|Campbell, E. T.||Hoare, Lt.-Col. Rt. Hon. Sir S. J. G.||Smith-Carington, Neville W.|
|Carver, Major W. H.||Hope, Sir Harry (Forfar)||Smithers, Waldron|
|Castle Stewart, Earl of||Horne, Rt. Hon. Sir Robert S.||Somerset, Thomas|
|Cautley, Sir Henry S.||Howard-Bury, Colonel C. K.||Somerville, A. A. (Windsor)|
|Cayzer, Sir C. (Chester, City)||Hudson, Capt. A. U. M. (Hackney, N.)||Somerville, D. G. (Wittesden, East)|
|Cayzer, Maj. Sir Herbt. R. (Prtsmth, S.)||Hunter-Weston, Lt.-Gen. Sir Aylmer||Southby, Commander A. R. J.|
|Cazalet, Captain Victor A.||Hurd, Percy A.||Spender-Clay, Colonel H.|
|Cecil, Rt. Hon. Lord H. (Ox. Univ.)||Hurst, Sir Gerald B.||Stanley, Lord (Fylde)|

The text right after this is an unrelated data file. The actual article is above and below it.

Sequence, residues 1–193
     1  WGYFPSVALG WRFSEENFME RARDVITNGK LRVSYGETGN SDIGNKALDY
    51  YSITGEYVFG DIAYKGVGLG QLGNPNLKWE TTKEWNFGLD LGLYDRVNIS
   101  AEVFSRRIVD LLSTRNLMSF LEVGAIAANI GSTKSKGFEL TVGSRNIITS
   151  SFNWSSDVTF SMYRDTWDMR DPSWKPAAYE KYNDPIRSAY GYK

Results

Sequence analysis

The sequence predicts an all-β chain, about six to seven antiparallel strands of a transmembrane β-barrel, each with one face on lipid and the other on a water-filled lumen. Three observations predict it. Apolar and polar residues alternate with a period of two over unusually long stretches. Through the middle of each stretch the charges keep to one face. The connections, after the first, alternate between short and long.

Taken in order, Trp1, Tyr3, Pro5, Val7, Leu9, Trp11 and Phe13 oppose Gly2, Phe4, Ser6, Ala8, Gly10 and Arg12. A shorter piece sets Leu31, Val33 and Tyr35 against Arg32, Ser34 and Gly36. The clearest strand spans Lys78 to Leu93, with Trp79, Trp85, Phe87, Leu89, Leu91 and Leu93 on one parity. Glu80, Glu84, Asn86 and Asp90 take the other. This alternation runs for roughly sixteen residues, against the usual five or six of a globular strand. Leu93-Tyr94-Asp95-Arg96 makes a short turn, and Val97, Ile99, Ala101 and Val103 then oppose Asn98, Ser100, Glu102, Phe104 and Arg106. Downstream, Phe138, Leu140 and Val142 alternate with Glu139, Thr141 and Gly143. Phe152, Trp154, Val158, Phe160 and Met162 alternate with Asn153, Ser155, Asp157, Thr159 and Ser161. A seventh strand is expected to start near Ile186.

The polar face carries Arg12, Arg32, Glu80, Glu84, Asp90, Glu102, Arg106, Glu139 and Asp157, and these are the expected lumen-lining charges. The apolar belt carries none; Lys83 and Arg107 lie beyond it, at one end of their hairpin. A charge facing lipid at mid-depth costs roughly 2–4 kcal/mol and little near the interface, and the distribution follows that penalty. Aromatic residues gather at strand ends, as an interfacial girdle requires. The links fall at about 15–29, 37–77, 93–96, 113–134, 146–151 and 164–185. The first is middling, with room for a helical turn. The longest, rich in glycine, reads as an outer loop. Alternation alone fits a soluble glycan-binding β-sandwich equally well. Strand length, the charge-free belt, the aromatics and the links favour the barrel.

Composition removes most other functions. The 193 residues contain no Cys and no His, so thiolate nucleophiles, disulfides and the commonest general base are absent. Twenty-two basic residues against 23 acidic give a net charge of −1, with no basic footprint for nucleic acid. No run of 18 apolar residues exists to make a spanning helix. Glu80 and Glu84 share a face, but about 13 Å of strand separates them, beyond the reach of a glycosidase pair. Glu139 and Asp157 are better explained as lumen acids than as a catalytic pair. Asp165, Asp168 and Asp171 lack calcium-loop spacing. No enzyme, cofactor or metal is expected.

|Chadwick, Capt. Sir Robert Burton||Hutchison, Maj.-Gen. Sir R.||Stanley, Hon. O. (Westmorland)|
|Chamberlain, Rt. Hn. Sir J. A. (Birm., W.)||Inskip, Sir Thomas||Steel-Maitland, Rt. Hon. Sir Arthur|
|Chamberlain, Rt. Hon. N. (Edgbaston)||Iveagh, Countess of||Stewart, W. J. (Belfast, South)|
|Chapman, Sir S.||Jones, Sir G. W. H. (Stoke New'gton)||Stuart, Hon. J. (Moray and Nairn)|
|Christle, J. A.||Kindersley, Major G. M.||Sueter, Rear-Admiral M. F.|
|Clydesdale, Marquess of||Knox, Sir Alfred||Taylor, Vice-Admiral E. A.|
|Cobb, Sir Cyril||Lamb, Sir J. Q.||Thomas, Major L. B. (King's Norton)|
|Cockerill, Brig-General Sir George||Lambert, Rt. Hon. George (S. Moiton)||Thompson, Luke|
|Cohen, Major J. Brunei||Lane Fox, Col. Rt. Hon. George R.||Thomson, Sir F.|
|Colfox, Major William Philip||Latham, H. P. (Scarboro' & Whitby)||Thomson, Mitchell-, Rt. Hon. Sir W.|
|Colman, N. C. D.||Law, Sir Alfred (Derby, High Peak)||Titchfield, Major the Marquees of|
|Colville, Major D. J.||Leighton, Major B. E. P.||Todd, Capt. A. J.|
|Cooper, A. Duff||Lewis, Oswald (Colchester)||Train, J.|
|Courtauld, Major J. S.||Little, Graham-, Sir Ernest||Tryon, Rt. Hon. George Clement|